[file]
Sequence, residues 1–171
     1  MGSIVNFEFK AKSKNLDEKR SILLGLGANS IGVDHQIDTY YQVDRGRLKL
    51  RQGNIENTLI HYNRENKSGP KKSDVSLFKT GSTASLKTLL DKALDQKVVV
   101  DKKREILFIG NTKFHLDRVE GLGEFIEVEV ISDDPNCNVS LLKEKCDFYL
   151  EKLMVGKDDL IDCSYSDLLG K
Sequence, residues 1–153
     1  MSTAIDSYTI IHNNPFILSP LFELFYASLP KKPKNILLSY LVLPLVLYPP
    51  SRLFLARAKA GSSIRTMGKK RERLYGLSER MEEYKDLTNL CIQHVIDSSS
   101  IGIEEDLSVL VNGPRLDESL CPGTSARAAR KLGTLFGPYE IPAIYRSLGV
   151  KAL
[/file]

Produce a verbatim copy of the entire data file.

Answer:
Sequence, residues 1–171
     1  MGSIVNFEFK AKSKNLDEKR SILLGLGANS IGVDHQIDTY YQVDRGRLKL
    51  RQGNIENTLI HYNRENKSGP KKSDVSLFKT GSTASLKTLL DKALDQKVVV
   101  DKKREILFIG NTKFHLDRVE GLGEFIEVEV ISDDPNCNVS LLKEKCDFYL
   151  EKLMVGKDDL IDCSYSDLLG K
Sequence, residues 1–153
     1  MSTAIDSYTI IHNNPFILSP LFELFYASLP KKPKNILLSY LVLPLVLYPP
    51  SRLFLARAKA GSSIRTMGKK RERLYGLSER MEEYKDLTNL CIQHVIDSSS
   101  IGIEEDLSVL VNGPRLDESL CPGTSARAAR KLGTLFGPYE IPAIYRSLGV
   151  KAL